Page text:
(September 17, 2001) Commenting on an official assessment of a controversial scheme to divert water from the Yangtze River Basin to northern China, the Vice-Minister of Water Resources, Suo Linseng, admitted to Xinhua news agency yesterday that there would be “some impact on the natural environment,” reports South China Morning Post.
(April 23, 2001) Chinese residents will be informed what will happen to their environment before a new project is launched and may offer input to a proposal as part of the project’s environmental impact assessment (EIA).
(March 7, 2001) The Three Gorges Reservoir on the Yangtze River might be taken as an additional source for the mammoth South-North Water Diversion Project, due to a declining water reserve in the original one, according to some deputies attending the ongoing annual session of the Chinese legislature.
(March 7, 2001) South-North water diversion should come from Three Gorges, CPPCC
(February 26, 2001) The Chinese government recently passed a new regulation on water management, updating its system of use permits and stipulating charges for water consumption in agriculture.
(February 17, 2001) Although he lives near the Hongze Lake, China’s fourth largest freshwater lake, Yan Fengxia still has to buy mineral water for drinking or even cooking. "Our life gets harder as fish die due to increasing water pollution," said Yan, a fishwife who has been fishing for more than 20 years on the lake, located in the middle reaches of the Huaihe River in east China’s Jiangsu Province.
(February 15, 2001) China is heading for a water pollution crisis as a booming economy raises industrial discharges and the number of incidents of toxic chemicals being spilled into rivers rises, a top environmental regulator said Thursday.
(February 1, 2001) The legislature of southern Guangdong Province, an economic engine of China, is creating a law to protect its supply of drinking water.
(January 16, 2001) China Daily reports that construction of China’s largest water diversion project is expected to begin in 2002.
(January 17, 2001) Wei Dongying dumped 30 plastic bottles from an oversized plastic bag onto her living room floor. "Look at all the different colors: red, black, yellow, brown," said Wei as she picked up the bottles containing samples of water taken from the canals and viaducts surrounding Wuli, a village of 1,500 people in eastern China.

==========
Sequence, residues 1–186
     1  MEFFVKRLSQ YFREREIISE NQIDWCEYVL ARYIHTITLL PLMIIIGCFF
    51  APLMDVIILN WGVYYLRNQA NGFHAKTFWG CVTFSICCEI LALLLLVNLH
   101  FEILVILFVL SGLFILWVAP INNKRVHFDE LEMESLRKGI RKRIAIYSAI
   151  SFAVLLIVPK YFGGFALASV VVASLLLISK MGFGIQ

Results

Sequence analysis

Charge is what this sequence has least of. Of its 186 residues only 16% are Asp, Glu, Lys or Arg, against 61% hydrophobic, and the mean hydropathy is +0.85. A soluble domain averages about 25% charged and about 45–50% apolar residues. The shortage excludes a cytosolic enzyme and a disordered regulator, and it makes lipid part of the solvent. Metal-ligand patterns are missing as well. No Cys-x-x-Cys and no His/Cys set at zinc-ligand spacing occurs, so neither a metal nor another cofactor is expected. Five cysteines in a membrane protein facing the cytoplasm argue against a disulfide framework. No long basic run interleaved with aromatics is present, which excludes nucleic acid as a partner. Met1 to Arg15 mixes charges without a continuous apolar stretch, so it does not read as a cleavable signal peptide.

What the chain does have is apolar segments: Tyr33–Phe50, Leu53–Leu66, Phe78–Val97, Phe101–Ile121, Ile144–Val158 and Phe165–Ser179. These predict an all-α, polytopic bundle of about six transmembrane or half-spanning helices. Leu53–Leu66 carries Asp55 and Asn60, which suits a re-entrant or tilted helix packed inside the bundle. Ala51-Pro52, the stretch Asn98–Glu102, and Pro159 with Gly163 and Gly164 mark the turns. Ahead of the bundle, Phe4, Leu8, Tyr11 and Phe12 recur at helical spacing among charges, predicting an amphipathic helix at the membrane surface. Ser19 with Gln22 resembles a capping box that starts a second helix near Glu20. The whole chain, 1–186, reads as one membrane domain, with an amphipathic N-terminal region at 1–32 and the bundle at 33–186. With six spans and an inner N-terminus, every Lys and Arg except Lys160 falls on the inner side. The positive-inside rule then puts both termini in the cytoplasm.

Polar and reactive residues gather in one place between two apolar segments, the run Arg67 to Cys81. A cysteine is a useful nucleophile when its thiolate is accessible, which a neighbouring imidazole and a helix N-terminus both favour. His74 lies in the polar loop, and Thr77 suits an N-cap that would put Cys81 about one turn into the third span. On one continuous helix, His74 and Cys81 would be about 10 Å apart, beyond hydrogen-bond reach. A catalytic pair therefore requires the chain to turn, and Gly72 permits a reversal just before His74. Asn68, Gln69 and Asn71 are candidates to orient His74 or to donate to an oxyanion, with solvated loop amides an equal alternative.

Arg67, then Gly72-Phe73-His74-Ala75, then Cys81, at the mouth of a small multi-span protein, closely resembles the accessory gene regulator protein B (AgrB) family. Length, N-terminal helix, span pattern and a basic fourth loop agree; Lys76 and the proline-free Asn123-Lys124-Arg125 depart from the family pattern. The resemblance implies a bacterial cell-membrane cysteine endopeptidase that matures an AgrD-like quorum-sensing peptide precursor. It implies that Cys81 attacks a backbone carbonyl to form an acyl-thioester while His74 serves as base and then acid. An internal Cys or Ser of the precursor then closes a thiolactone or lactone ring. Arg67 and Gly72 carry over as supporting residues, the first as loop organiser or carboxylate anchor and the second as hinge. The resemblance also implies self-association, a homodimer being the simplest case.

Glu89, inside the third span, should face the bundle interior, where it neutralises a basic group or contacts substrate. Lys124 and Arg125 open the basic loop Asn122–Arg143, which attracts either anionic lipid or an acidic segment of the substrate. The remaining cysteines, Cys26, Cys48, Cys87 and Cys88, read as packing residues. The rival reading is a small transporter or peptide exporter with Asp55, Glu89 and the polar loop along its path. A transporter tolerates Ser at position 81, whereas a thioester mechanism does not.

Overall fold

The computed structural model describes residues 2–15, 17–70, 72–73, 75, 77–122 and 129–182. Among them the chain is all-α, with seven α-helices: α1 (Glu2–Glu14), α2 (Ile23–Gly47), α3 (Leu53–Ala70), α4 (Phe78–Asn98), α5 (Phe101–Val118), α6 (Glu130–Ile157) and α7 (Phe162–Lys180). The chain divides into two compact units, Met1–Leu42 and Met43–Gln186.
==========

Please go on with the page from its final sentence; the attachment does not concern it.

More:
(November 10, 2000) Stormy weather and a ‘desperate lack of funds’ are hampering efforts by engineers and locals in central China to stabilize and prevent further collapse of Yangtze riverbanks, which have already given way in seven places, Xinhua reports.
(October 16, 2000) China’s premier says local officials will be held accountable for pollution problems after the country failed to meet official environmental goals, state media reported Wednesday.
(October 3, 2000) Environmental protection NGOs are suffering from a shortage of funds and a low registration rate, while many are simply too small to have an impact, a recent survey has revealed.
(August 4, 2000) It’s safe to say that if you put Ma Jun’s face on a billboard in Beijing next to basketball star Yao Ming or screen beauty Ziyi Zhang, your average passerby wouldn’t have a clue who Ma is.
(June 23, 2000) China’s capital Beijing is suffering its worst drought in 50 years, with only 17 millimeters of rainfall reported this year, down 63 percent from the same period last year. The lack of rain is already challenging the city’s water supply, said experts at a meeting on flood control and drought prevention.